Dan: Yeah we have all come together because we’re all fighting the same fight.
Pete: That’s certainly true; you hear from some people down in Brighton that the bands are all unsupportive and bickering.
Daz: The lack of venues here is a problem for us all though.
Dan: The only way out of that is to group together and like stick a fiver in a month or something and get our own place going.
Pete: Booze merchants are not our friends. There’s a conflict of interest between people who want to sell drink and people who want to make art. The only thing we have in common with pubs is necessity. There’s constantly this battle where they want bands but they don’t want loud music, they want people in but they want everyone at the bar; it’s bollox. So we need to get our own venues that aren’t predicated on how much booze can be sold. Reclaim some spaces.
Dan: We’re in the garden of England man! There’s plenty of places out there; during the summer we’re gonna put together a few things.
(((o))): There does seem to be a common disdain for making money or fame amongst a core group of bands around Medway.
Pete: Yeah, part of it is being older; we’ve all got jobs and we all know that jobs suck; the whole point of this is it’s the opposite of work…its fun. As soon as you make it work its then work and it’s not fun.
Luke: You either make it happen or you try and make money out of it and it doesn’t happen.
Pete: There’s no money in this industry anyway, especially for niche shit. You can either go chasing money your never gonna get and be deluded about that and unhappy or just go “fuck it! We’re making art and having a laugh”. Making money is making money and making music is making music; they’re not the same thing.
Luke: You can buy a t-shirt if you want though!
Pete: £7 on bandcamp!
(((o))): Are you saying that any band that makes it has somehow sold out?
Pete: No. It depends on what terms they’ve done it. If they have happened to have made money by making something good fair play. But there is a little bit of me, and maybe it’s childish, that thinks as soon as you start considering “Will this sell?” and “Is this what fans are gonna want?” that fucks you over.
Dan: I don’t think so; fans are different to the general public. I don’t think it’s unreasonable to think “would fans like this?”.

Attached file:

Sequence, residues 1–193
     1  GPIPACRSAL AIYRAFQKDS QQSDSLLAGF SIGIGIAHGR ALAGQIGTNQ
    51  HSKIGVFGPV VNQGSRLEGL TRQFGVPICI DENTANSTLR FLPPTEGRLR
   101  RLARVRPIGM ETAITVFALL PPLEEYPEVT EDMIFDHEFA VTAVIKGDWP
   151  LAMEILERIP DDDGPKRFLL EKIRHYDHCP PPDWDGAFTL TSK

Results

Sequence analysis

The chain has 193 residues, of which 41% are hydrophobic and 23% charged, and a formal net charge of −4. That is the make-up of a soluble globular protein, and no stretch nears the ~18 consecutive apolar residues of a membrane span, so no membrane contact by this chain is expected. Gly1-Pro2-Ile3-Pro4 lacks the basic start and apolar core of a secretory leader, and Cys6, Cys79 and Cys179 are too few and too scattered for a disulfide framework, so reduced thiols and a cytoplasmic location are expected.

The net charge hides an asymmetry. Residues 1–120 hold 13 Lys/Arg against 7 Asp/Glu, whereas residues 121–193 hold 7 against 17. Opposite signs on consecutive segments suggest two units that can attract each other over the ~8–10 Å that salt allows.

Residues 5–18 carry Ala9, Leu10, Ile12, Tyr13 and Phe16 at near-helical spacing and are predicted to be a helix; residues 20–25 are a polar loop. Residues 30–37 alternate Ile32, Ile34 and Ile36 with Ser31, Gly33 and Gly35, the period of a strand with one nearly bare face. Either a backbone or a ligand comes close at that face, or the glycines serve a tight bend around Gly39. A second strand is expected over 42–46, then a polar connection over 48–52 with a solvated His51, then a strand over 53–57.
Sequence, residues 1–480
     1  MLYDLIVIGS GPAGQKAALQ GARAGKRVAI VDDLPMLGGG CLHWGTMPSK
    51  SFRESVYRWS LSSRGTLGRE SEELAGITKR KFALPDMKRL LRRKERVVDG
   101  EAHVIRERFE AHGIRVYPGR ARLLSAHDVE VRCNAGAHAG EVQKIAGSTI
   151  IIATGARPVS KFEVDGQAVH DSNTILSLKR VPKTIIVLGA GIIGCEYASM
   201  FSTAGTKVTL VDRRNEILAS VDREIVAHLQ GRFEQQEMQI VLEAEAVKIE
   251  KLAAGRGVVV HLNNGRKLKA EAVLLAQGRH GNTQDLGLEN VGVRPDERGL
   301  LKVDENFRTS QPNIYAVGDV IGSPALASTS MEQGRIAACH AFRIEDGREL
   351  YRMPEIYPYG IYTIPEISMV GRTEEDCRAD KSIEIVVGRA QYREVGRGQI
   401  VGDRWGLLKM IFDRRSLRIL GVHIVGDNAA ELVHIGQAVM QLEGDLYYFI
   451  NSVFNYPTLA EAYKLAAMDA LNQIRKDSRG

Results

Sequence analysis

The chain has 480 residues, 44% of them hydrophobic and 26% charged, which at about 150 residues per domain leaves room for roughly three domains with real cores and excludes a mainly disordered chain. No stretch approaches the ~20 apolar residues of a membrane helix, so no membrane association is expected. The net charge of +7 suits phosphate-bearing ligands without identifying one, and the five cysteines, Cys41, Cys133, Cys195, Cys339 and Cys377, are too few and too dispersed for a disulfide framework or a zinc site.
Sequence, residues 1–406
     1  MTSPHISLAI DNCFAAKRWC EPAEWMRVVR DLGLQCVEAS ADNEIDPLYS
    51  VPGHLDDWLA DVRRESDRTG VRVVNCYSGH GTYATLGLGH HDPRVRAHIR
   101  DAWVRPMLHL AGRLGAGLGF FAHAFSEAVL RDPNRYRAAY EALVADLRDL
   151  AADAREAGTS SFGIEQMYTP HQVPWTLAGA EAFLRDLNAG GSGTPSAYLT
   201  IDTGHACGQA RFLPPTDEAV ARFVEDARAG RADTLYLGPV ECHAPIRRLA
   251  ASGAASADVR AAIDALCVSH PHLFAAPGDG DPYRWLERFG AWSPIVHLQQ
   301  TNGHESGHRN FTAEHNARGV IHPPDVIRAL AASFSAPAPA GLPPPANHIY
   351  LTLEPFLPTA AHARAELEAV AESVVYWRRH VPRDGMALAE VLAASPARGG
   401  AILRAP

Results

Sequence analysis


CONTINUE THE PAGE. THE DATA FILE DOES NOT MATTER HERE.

Pete: Yeah but once your art is compromised by you wanting to turn it into a product you’ve ruined it.
(((o))): And you started your own label; what possessed you to do that?
Daz: It’s the DIY thing. No one else was going to do it for us so we did it for ourselves. Rather than sending our shit out to radios and critics as “Bear Vs Manero” we thought people would have a look if it came from a record label.
Pete: With The Bifacial EP as an experiment we sent it to every record label on the planet and a not a single one bothered to reply to the e-mail. We realised that it wasn’t personal; what kind of transaction were we trying to make? We were going to a record label and saying “can you make any money out of our record?” and the answer is “No! No-one’s ever fucking heard of you”. So the reality is that if we want people to promote what we’re doing they have to be prepared to do it on a non-profit basis and the only people we can really rely on to do that is us. Skingasm is not a very commercially viable idea! Our fond hope is that one day we’ll be able to release records and break even. That’ll do.
Dan: There’s a lot of like-minded people within the scene locally and we were all thinking the same thing but Medway’s classically been a place where there’s a lot of talk but less action. We realised that between us, as Skingasm collectively, we could put something together and make it work.
Pete: If you’re a band it’s hard to push your own stuff and make music; there a conflict of interest and you look like a dick if you go around saying “my band’s very, very good”. After Christmas last year we made a concerted decision to put out the Punching Swan record because they’re brilliant. They’re a great band, we know people so we did it.
Luke: The bands around are too good not to publicise .We knew we could do something for them and help other people to hear this.
(((o))): Are you going to concentrate just on local bands?
Luke: No we’re not restricting ourselves to that it’s just there’s a lot around here. With each release we hope to get more savvy about it. It won’t just be noisy grungey music either; if we see an electronic band that we really like we’ll go in for that as well.
(((o))): How have the label’s releases been received and what about sales?
Luke: We’ve broken even.
Pete: Yeah we broke even on the Punching Swans album [Mollusc]; it wasn’t a massive outlay but we did pretty well.
Luke: The reception has been great; Mollusc has been played on the radio a lot and written about. I think it will make a difference in the long run. People are starting to murmur about a “Medway Scene”. Steve Lamacq mentioned it and so did a couple of others. When you hear that you think “maybe this is working”. That’s what this is all about.